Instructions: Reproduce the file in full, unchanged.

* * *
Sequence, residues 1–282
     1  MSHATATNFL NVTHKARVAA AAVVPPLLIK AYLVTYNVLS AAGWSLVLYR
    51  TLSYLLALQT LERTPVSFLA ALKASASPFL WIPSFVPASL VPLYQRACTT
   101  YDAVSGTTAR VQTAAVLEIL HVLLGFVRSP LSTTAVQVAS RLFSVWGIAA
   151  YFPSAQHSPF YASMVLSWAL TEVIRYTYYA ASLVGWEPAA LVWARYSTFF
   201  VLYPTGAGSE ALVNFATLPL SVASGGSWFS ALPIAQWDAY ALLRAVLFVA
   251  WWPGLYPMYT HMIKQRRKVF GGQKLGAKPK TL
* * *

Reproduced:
Sequence, residues 1–282
     1  MSHATATNFL NVTHKARVAA AAVVPPLLIK AYLVTYNVLS AAGWSLVLYR
    51  TLSYLLALQT LERTPVSFLA ALKASASPFL WIPSFVPASL VPLYQRACTT
   101  YDAVSGTTAR VQTAAVLEIL HVLLGFVRSP LSTTAVQVAS RLFSVWGIAA
   151  YFPSAQHSPF YASMVLSWAL TEVIRYTYYA ASLVGWEPAA LVWARYSTFF
   201  VLYPTGAGSE ALVNFATLPL SVASGGSWFS ALPIAQWDAY ALLRAVLFVA
   251  WWPGLYPMYT HMIKQRRKVF GGQKLGAKPK TL